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Robert Blanchard
Robert Blanchard
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The Battle Over Testosterone

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It’s a hugely profitable business. Helping guys to “T it up” has been making a few people very, very rich as an aging male population looks for quick and easy ways to preserve their youth and virility – despite compelling evidence that taking such supplements unnecessarily can greatly increase the chances of stroke and heart attack.

Already, professional sports regulators in two states have banned the use of testosterone, and studies have been published demonstrating the risks of testosterone replacement therapy among men who have no real medical need. Consumer advocate groups have asked the FDA to place “black box” warnings on packages of testosterone, and in increasing number of legal actions are being filed against the manufacturers of these supplements. In one recent lawsuit, filed in the Madison County (Illinois) Circuit Court, the plaintiff alleges that testosterone replacement therapy (TRT) was responsible for his prostate cancer.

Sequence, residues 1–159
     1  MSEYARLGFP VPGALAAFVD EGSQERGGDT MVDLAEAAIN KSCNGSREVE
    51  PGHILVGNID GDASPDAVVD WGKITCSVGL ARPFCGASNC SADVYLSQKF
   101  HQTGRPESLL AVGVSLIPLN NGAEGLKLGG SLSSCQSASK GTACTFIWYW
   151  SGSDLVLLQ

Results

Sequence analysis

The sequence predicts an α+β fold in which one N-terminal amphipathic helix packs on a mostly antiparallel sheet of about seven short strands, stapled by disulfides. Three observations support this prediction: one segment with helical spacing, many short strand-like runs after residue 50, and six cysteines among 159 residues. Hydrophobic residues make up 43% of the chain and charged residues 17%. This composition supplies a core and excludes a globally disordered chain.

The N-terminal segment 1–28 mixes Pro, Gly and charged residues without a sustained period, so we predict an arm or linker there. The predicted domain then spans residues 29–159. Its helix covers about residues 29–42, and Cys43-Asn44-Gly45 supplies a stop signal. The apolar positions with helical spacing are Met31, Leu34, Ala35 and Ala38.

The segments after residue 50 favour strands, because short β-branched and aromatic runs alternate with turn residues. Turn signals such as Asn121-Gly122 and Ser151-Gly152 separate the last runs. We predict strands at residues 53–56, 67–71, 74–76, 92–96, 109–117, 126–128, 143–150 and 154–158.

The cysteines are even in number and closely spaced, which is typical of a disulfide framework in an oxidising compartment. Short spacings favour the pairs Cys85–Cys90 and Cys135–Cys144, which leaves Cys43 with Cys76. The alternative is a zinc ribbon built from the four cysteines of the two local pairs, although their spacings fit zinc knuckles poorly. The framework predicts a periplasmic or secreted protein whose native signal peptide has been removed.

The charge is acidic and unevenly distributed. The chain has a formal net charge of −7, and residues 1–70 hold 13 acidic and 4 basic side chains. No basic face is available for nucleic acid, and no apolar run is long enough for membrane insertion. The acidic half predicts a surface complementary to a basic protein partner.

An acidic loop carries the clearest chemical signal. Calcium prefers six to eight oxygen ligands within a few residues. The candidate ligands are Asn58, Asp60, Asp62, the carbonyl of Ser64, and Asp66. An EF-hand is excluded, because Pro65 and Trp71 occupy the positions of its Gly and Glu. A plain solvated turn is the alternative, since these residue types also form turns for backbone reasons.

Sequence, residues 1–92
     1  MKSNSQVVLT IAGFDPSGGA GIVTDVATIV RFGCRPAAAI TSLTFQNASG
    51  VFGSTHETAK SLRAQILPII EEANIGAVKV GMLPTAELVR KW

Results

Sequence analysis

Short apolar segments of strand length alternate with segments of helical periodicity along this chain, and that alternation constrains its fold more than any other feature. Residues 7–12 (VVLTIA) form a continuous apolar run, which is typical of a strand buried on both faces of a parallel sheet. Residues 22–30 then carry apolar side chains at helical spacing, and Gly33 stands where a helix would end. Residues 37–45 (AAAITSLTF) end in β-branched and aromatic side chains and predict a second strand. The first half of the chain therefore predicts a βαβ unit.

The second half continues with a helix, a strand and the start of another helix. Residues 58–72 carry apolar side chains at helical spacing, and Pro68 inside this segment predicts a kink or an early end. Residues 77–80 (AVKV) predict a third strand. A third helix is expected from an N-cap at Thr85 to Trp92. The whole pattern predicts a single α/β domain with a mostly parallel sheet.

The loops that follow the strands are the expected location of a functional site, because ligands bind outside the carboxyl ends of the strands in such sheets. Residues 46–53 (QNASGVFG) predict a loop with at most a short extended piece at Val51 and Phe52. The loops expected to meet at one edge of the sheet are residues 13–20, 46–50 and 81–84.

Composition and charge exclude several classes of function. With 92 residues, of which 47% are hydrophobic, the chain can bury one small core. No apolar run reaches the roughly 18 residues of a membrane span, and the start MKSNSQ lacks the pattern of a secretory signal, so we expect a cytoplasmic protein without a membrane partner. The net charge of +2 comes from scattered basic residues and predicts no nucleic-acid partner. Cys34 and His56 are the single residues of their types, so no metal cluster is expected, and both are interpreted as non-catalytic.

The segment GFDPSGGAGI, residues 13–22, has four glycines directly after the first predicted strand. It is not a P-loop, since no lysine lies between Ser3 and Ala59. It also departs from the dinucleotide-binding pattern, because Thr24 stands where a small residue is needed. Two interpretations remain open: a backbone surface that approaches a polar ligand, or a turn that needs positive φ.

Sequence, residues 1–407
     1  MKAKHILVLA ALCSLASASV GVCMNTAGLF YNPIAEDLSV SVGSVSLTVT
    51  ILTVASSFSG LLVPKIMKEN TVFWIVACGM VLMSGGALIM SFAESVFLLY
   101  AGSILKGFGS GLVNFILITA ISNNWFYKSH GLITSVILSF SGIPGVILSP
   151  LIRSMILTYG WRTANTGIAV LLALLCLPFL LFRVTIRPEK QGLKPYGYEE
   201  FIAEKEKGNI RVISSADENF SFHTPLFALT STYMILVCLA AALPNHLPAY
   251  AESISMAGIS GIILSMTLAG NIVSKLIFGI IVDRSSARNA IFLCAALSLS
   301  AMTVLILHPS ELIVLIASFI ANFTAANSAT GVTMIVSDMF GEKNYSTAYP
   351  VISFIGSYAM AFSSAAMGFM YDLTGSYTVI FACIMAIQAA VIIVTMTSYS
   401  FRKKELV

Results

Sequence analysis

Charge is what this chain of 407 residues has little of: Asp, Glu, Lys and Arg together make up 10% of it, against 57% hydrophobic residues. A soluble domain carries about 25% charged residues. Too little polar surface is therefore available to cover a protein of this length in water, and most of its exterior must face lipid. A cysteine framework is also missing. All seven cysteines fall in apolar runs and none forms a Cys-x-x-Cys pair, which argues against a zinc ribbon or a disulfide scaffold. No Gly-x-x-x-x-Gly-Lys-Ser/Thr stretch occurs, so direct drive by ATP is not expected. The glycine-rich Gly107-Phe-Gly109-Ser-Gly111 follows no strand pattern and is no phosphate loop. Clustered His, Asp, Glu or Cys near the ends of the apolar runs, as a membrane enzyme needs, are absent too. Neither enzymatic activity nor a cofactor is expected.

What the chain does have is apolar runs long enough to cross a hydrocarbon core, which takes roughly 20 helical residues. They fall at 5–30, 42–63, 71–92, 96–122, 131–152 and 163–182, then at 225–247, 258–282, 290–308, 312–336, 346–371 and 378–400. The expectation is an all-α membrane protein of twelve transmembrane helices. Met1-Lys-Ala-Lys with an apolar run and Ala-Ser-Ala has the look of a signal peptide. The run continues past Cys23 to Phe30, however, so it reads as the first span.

Now, there is some push-back – but surprisingly, it’s not from the manufacturers. Instead, it is a group of physicians and researchers who have called for the retraction of a study published in the Journal of the American Medical Association. The study, conducted by one Dr. Michael Ho, who works at a V.A. Hospital in Colorado, first appeared last November. The study found that TRT “…associated with a greater risk of death, heart attack, and stroke.”  The primary critic of the study, Dr. Abraham Morgentaler of Harvard Medical School, who says that some patients who should have been included in the study were excluded, and that 10% of those studied were female (in fact, there is some evidence that small doses of testosterone can help women during menopause, helping them to maintain libido and deal with some of the symptoms associated with the changes).

Dr. Ho stands by the results of the study. He tells the Wall Street Journal that the original publication misclassified “…reasons why patients were excluded,” but such exclusion “does not alter the study results.”